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Review: commonly recommended well-child care interventions are not supported by evidence

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 Q What is the evidence base for commonly recommended clinical preventive services for children?

Clinical impact ratings GP/FP/Primary care ★★★★★★☆ Paediatrics ★★★★★★☆


Embedded ImageData sources:

Medline, CINAHL, Cochrane Library, ACP Journal Club, PsycINFO, reference lists, proceedings of the Pediatric Academic Societies (1997–2003), internet, and contact with experts.

Embedded ImageStudy selection and assessment:

high quality systematic reviews were sought. Randomized and controlled clinical trials published after a review’s search dates were then sought. If no reviews existed, clinical trials were sought for all dates. Studies and reviews had to evaluate a well-child care intervention in healthy children between birth and 18–21 years of age. Exclusion criteria: studies assessing only change in health knowledge and attitudes, studies in non-clinical settings (eg, schools), and studies using tests for diagnosis or management rather than screening.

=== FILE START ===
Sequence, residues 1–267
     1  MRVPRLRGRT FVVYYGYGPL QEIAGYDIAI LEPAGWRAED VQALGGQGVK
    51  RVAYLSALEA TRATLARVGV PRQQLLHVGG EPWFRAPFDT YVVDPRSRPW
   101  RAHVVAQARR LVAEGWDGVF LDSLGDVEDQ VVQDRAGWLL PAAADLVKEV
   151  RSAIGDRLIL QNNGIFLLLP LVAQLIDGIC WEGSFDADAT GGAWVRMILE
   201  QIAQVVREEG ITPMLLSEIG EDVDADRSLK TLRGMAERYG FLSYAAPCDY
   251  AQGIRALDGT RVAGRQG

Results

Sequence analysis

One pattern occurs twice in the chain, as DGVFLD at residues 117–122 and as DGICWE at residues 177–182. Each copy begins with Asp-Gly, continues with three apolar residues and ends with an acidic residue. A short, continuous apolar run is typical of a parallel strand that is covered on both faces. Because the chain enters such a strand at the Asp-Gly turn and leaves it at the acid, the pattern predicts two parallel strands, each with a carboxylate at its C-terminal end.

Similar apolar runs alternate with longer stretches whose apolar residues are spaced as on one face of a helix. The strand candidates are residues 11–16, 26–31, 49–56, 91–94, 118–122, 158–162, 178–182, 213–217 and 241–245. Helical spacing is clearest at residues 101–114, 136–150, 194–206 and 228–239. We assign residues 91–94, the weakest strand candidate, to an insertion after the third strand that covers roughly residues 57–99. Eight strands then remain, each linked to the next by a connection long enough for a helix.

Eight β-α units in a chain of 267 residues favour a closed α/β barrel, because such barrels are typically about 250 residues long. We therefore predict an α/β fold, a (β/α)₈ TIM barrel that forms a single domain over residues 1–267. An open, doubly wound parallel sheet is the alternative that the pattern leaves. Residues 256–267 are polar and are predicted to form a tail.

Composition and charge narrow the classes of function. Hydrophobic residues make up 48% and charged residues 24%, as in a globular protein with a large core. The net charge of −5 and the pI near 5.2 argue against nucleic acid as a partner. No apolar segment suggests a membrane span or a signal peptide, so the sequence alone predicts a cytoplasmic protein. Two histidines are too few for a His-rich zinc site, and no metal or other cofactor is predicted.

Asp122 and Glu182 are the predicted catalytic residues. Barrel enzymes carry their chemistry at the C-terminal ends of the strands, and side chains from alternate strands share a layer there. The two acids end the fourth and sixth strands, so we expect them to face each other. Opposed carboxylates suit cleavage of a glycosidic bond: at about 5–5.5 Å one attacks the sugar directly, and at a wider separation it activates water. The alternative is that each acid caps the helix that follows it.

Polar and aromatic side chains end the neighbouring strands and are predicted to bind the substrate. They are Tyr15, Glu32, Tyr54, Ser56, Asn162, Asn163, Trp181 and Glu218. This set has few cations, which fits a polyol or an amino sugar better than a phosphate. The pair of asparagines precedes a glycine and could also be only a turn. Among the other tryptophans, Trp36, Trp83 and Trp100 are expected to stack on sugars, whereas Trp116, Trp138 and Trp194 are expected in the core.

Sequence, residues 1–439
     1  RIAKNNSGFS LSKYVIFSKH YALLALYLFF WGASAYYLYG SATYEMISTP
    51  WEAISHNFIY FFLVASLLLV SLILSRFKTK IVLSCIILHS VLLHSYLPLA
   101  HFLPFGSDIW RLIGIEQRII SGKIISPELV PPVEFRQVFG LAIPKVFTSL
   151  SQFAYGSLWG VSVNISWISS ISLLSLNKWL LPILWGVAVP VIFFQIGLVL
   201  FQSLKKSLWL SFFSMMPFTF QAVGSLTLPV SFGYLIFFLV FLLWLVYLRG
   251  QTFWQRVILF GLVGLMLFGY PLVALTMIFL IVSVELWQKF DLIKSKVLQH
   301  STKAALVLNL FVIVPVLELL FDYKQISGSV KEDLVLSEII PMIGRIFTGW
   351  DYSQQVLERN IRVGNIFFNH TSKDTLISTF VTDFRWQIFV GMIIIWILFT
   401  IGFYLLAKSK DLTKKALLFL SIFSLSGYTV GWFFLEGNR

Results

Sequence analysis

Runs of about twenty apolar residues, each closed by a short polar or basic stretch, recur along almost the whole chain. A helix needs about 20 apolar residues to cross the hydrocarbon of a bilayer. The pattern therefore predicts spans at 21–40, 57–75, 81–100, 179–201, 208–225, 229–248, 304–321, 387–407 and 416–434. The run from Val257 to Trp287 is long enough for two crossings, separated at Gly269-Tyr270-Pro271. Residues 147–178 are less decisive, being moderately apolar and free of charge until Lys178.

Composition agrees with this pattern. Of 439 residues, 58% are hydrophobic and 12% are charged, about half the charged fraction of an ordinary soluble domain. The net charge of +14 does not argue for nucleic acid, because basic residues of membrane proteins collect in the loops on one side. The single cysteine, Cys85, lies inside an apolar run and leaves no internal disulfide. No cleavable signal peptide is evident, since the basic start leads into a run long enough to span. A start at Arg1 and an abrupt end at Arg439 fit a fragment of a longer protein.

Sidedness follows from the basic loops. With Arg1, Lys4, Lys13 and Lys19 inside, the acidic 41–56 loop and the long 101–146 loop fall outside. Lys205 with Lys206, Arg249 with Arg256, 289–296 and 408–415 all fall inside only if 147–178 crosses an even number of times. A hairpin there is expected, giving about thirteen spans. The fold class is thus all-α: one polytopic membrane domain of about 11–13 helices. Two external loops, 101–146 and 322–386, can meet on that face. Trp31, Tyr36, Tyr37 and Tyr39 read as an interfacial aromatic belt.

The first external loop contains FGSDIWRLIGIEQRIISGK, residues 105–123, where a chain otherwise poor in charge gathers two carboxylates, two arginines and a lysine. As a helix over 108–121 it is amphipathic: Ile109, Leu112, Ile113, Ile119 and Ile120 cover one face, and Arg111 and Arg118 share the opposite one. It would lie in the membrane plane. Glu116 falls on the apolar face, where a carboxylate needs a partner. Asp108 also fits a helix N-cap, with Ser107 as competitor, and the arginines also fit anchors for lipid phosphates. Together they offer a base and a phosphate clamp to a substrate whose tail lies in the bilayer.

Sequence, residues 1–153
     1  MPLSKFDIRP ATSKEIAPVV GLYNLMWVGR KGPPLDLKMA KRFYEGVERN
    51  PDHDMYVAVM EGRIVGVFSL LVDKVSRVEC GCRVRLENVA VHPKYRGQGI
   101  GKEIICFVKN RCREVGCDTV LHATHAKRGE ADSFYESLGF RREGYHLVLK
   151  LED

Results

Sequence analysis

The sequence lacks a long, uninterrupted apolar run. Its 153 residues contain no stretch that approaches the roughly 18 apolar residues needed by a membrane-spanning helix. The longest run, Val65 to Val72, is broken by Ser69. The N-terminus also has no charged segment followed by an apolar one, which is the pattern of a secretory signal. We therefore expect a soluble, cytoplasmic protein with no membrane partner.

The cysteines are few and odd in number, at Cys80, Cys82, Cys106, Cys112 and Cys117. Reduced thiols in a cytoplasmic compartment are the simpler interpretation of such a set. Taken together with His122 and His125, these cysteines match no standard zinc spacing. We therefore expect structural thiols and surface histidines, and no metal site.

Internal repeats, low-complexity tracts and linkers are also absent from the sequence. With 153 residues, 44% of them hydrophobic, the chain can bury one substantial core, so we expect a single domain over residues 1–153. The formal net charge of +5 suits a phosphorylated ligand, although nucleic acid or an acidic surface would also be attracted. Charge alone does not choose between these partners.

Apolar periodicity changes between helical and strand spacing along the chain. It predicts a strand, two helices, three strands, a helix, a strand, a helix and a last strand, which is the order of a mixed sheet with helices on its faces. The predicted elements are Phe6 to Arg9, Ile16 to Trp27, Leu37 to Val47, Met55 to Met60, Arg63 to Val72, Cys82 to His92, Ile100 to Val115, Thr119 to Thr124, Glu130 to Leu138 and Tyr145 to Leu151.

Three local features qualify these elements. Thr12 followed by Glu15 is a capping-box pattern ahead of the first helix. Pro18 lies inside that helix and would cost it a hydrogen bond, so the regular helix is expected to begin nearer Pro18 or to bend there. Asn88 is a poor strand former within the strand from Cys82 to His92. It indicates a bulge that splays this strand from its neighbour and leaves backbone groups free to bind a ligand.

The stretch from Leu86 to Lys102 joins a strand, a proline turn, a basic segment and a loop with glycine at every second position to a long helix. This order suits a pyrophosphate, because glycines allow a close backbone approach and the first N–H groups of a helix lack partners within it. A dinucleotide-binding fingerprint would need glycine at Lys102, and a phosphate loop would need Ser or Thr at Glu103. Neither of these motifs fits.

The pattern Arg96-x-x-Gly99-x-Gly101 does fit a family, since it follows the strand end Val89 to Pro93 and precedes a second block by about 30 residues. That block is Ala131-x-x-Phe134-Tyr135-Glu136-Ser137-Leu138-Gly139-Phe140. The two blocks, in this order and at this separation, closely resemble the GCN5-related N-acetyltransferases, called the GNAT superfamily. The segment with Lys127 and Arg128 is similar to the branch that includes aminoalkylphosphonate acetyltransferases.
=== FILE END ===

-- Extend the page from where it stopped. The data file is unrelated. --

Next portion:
Embedded ImageOutcomes:

prevention of disease/disability, improvements in health/wellbeing, developmental and behavioural outcomes, and healthy behaviours.


A table on the website summarises the evidence ( Behavioural counselling. Several high quality systematic reviews and trials evaluated injury prevention. A modest benefit was seen …

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  • For correspondence: Dr V A Moyer, University of Texas-Houston Health Science Center, Houston, TX, USA.

  • Source of funding: Agency for Healthcare Research and Quality.